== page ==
The way we consume television has evolved significantly, leading to exponential growth in the realm of Advanced TV advertising. This allows marketers a streamlined approach to targeting and offers key analytical capabilities around viewing habits that mean ads can be tailored to audiences more effectively. The marketplace is growing consistently, yet there remain some sizeable differences and stumbling blocks for both the U.S. and European markets.
Cross-continent, we see mutual challenges such as attribution and the considerable lack of measurement in place for Advanced TV. Comscore is currently working on one of the flagship solutions, but this is still in beta. Whilst challenges in North America remain very much cemented in terms of measurement and scalability, here in Europe we also have to live in the wake of GDPR and a new constellation of data protection imperatives. With TV viewership growing and Advanced TV advertising opportunities for marketers coming to the forefront, perhaps it’s time for a deep-dive into the issues separating the international Advanced TV landscapes.
The State of Measurement
‘Connected TV’ falls under the umbrella of Advanced TV, and is essentially a television that connects to the Internet, able to access content beyond a normal cable provider. Whilst the U.S. marketplace may be booming, with the number of Connected TV users predicted to rise to 204.1 million by 2022, our American cousins face a few challenges.
According to eMarketer, U.S. agencies and marketers cited both scale (44%) and quality of inventory (39%) as the biggest challenges for OTT and connected TV advertising. And yet, if you attend any panel discussion on connected TV, you’ll notice that the conversation quickly turns to the question of measurement, and how the absence of a unified metric of measurement across channels is a considerable hindrance.
This is complicated further by the convergence of traditional and digital TV. Back in 2017, a meagre 17% of marketers and agencies claimed there would be a single metric in the future, and little has changed since. Still, a single, consistent metric that establishes efficiency from the get-go should be what we, as an industry, are collectively moving towards.
Nielsen led the way for years, being able to discern television metrics with various players within the industry and seeking to carve out their own ways of measuring data. With other players in the space attempting to develop their own methods, this complexity has considerably affected how advertisers allocate funds to the medium.
So what is the solution?
Cross-device measurement solutions powered by media sellers need to become more broadly available in the market over the next few years. This will allow marketers to finally understand the unduplicated view of total audiences across traditional TV and digital platforms. A common metric will allow the players in the industry to become more personalised with their solutions for marketers, offering a full view of their audiences. A new measurement strategy will reduce the current friction points in the marketplace and benefit marketers to plan, target, transact and evaluate media with confidence.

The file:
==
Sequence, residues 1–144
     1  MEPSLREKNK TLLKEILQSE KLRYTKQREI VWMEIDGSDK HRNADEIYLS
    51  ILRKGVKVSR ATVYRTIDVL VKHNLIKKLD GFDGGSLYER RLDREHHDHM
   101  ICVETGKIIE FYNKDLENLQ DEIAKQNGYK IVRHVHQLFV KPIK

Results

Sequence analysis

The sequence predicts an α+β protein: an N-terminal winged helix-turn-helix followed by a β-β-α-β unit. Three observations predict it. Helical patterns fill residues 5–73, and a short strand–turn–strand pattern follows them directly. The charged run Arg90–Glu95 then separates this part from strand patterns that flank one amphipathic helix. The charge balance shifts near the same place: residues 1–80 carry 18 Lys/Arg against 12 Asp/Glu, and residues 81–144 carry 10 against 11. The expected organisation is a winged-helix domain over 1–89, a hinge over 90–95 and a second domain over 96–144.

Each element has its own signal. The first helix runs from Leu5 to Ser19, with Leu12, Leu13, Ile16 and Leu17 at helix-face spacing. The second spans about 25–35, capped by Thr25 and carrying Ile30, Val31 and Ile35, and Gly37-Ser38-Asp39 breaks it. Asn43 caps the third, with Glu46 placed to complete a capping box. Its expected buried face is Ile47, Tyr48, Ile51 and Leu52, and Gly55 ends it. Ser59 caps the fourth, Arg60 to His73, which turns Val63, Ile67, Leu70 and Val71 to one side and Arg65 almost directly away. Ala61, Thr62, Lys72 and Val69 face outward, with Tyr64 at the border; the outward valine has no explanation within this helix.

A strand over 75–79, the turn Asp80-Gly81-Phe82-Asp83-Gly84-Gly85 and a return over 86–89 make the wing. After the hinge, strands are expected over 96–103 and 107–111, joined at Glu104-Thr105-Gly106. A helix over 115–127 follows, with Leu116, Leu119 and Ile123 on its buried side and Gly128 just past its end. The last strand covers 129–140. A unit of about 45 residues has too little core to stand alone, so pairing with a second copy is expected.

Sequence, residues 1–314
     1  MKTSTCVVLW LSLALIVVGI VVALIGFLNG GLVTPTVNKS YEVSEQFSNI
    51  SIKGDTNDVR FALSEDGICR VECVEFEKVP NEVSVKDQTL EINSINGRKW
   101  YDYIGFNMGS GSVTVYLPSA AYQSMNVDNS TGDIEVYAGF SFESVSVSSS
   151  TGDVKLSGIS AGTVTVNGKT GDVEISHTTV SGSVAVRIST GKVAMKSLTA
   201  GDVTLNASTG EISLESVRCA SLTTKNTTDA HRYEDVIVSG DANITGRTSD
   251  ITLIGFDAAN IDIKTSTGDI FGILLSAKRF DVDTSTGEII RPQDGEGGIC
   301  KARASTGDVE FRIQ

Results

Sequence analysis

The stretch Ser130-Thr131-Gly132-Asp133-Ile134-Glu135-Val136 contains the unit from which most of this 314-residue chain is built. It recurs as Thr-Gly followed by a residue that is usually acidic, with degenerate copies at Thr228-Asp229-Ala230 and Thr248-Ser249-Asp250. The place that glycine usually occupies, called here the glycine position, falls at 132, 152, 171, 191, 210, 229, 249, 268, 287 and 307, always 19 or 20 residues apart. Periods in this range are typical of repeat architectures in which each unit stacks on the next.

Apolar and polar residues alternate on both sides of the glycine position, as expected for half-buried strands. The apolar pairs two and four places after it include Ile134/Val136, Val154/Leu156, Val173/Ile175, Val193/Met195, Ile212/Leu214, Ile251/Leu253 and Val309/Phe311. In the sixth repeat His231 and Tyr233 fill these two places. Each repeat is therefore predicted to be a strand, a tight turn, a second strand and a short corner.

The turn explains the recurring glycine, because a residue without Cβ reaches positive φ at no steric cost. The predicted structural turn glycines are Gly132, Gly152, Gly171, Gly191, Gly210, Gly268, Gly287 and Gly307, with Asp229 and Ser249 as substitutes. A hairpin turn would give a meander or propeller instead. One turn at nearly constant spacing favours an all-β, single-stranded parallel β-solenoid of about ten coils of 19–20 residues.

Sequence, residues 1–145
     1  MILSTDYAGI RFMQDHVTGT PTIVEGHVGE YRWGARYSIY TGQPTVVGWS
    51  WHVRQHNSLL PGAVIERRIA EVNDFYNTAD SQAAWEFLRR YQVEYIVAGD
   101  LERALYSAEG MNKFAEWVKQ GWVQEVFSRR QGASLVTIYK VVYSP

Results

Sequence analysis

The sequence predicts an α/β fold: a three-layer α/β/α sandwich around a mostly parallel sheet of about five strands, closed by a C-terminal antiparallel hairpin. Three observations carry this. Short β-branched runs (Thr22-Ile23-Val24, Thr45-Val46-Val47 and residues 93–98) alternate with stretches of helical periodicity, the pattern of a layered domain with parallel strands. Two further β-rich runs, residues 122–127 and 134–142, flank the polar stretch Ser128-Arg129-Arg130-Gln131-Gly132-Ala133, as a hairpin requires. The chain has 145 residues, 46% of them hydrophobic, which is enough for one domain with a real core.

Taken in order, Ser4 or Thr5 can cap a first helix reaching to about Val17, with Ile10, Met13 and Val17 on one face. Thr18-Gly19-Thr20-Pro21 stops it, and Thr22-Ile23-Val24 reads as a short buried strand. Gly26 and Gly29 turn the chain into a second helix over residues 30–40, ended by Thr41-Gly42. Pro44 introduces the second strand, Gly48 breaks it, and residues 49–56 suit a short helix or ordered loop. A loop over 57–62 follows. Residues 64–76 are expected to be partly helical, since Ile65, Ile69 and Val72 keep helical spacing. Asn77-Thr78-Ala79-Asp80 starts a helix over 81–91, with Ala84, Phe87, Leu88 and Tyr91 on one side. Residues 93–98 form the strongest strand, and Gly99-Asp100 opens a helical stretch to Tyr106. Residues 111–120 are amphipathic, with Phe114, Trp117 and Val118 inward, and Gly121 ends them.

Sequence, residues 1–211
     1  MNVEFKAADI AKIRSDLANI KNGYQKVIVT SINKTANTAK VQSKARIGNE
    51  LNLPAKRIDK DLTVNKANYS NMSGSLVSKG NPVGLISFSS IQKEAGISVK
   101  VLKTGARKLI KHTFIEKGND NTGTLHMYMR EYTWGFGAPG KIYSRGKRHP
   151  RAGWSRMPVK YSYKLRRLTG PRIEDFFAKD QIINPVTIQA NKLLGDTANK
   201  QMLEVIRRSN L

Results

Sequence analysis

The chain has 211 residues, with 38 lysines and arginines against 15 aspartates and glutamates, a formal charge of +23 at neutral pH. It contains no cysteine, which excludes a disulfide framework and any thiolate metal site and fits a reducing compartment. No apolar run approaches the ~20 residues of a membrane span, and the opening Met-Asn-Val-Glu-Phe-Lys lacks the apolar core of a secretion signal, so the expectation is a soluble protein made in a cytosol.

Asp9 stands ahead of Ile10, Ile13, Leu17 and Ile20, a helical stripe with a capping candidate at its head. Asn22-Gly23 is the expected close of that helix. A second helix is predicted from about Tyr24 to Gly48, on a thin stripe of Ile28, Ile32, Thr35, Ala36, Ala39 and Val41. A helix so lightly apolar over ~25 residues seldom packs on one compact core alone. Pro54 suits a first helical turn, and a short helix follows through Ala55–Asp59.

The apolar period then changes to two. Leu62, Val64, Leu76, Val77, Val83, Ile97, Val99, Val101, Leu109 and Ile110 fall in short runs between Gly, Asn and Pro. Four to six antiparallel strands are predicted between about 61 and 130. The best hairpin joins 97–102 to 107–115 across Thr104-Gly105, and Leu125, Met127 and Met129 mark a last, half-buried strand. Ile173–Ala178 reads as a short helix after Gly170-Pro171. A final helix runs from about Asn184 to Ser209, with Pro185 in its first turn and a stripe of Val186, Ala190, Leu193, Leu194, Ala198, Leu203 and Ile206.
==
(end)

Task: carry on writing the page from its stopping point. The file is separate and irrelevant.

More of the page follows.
Europe’s complicated ecosystem
In Europe, there is a noticeable disparity between demand and inventory. The demand for Advanced TV solutions is there, but the market lacks some of the inventory scale, currently – though this is steadily changing. There is also no single consensus regarding the definition of Advanced TV across all countries in Europe, with differing views on what ‘class’ of ad inventory media buyers consider formats like connected TV to be. A lot of connected TV inventory is not clearly identifiable when it is sold, often appearing as digital video (which could be viewed on mobile and tablet screens as well), making it difficult for the industry to understand the full scale of Advanced TV inventory.
The European TV market is by no means static and is subject to some of the same developments as the wider digital advertising industry. With different digital regulatory laws sweeping the various nations, we must consider how the separate limitations of each country feeds into the overall European landscape for Advanced TV. The GDPR means that we, as a flourishing industry, need to refresh our thinking about how we can use data in these new environments.
Finally, connected TV advertising sales strategies are simply not as mature as overseas. This is due to the fact that Advanced TV capabilities are currently fragmented across different services and therefore complicated to aggregate. As Thomas Bremond of Comcast argued, “there is a variety of video consumption habits, local legislation, and technical set-up”, and he contended “it is not like the digital market, where you have standards (such as the IAB) and everything is far more harmonised.”
Ultimately, Advanced TV is striding forward at breakneck speed and shows little sign of slowing down. Global differences showcase how far the industry has progressed, and, indeed, the lessons we can learn from the apparent challenges in each market.